Erin Lavery, Senior Supervisor, Service Delivery:
I can spot them by the words they choose.
These participants say things like, My husband says I should quit or, My doctor says that I should stop smoking before the surgery. They talk a lot about what people around them say they should do. They say should a lot. One thing they dont say is, I want to quit.
These people are a different kind of participant. They arent staring down their cigarettes with anger or determination. They are not tired of how much it has stolen from their lives. They feel pangs of fear or sadness when told to throw their smokes away by chastising co-workers and friends. These are the people who want to want to quit smoking.
Its hard to blame them. For many people I speak with, cigarettes are more than just tobacco or a nicotine fix. They are their best friend, their social support, their distraction, and a way to calm their nerves. Their packs smell like their mothers or grandmothers and hold memories of childhood or long summer days. Each inhale makes them feel closer to calm.
One thing that these participants usually dont realize is that they are not on the sidelines watching other people battle this addiction. They are beginning to fight it as well. They are not far away from making a change. They are walking- sometimes slowly- to the front lines. Wanting to want to quit is the first step in going smoke free.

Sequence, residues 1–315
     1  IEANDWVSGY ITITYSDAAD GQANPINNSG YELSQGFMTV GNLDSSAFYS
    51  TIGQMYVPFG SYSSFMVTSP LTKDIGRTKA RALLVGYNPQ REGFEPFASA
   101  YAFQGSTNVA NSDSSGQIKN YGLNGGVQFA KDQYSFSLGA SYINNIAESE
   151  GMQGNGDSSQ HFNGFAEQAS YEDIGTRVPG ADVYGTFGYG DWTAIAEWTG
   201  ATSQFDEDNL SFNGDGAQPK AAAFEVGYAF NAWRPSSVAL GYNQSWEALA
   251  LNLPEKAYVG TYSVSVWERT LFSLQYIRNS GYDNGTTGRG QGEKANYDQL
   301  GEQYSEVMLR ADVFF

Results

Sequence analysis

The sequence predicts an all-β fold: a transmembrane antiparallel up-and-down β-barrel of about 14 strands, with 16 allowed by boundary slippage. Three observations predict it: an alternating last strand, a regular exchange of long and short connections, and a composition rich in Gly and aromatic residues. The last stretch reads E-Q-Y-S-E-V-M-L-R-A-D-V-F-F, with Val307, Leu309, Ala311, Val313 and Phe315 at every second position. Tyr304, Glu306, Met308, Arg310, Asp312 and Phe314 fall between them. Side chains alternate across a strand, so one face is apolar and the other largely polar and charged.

Nearly everyone who has quit came to a point when he or she looked at the choice to smoke and saw that smoking didnt match up with the way they wanted life to be. Smokers often realize the consequences and still didnt want to let tobacco go. Love the cigarettes. Fear the cancer.
In this age of mass media campaigns and health education in schools, youd be hard-pressed to find someone who smokes and doesnt know what the cost can be: hundreds to thousands of dollars in annual expenses, years of life, the chance to know their grandchildren, energy. The list goes on and on. They know that if they dont let go, they could lose so much.
Its that wisdom they hold that will lead them to one day realize the cost simply isnt worth it, that maybe other things can fill the void, and that maybe a void is better than the alternative. And when they make that change, it is so exciting because they usually find something they didnt expect: quitting can be wonderful.
Quitting tobacco is about more than avoiding terrible diseases or saving some money, although both are clearly important. Quitting means taking back control of your life. It can make you feel powerful. It can prove that you are able to do things that didnt even seem possible. Quitting tobacco isnt just about freedom from nicotine. Its about freedom from hiding the relapses, from breaking those promises to quit, and from choosing in lean years between cigarettes and the things you need.
So, to those of you out there kicking around the idea of quitting, welcome. Youll get there and youll love it.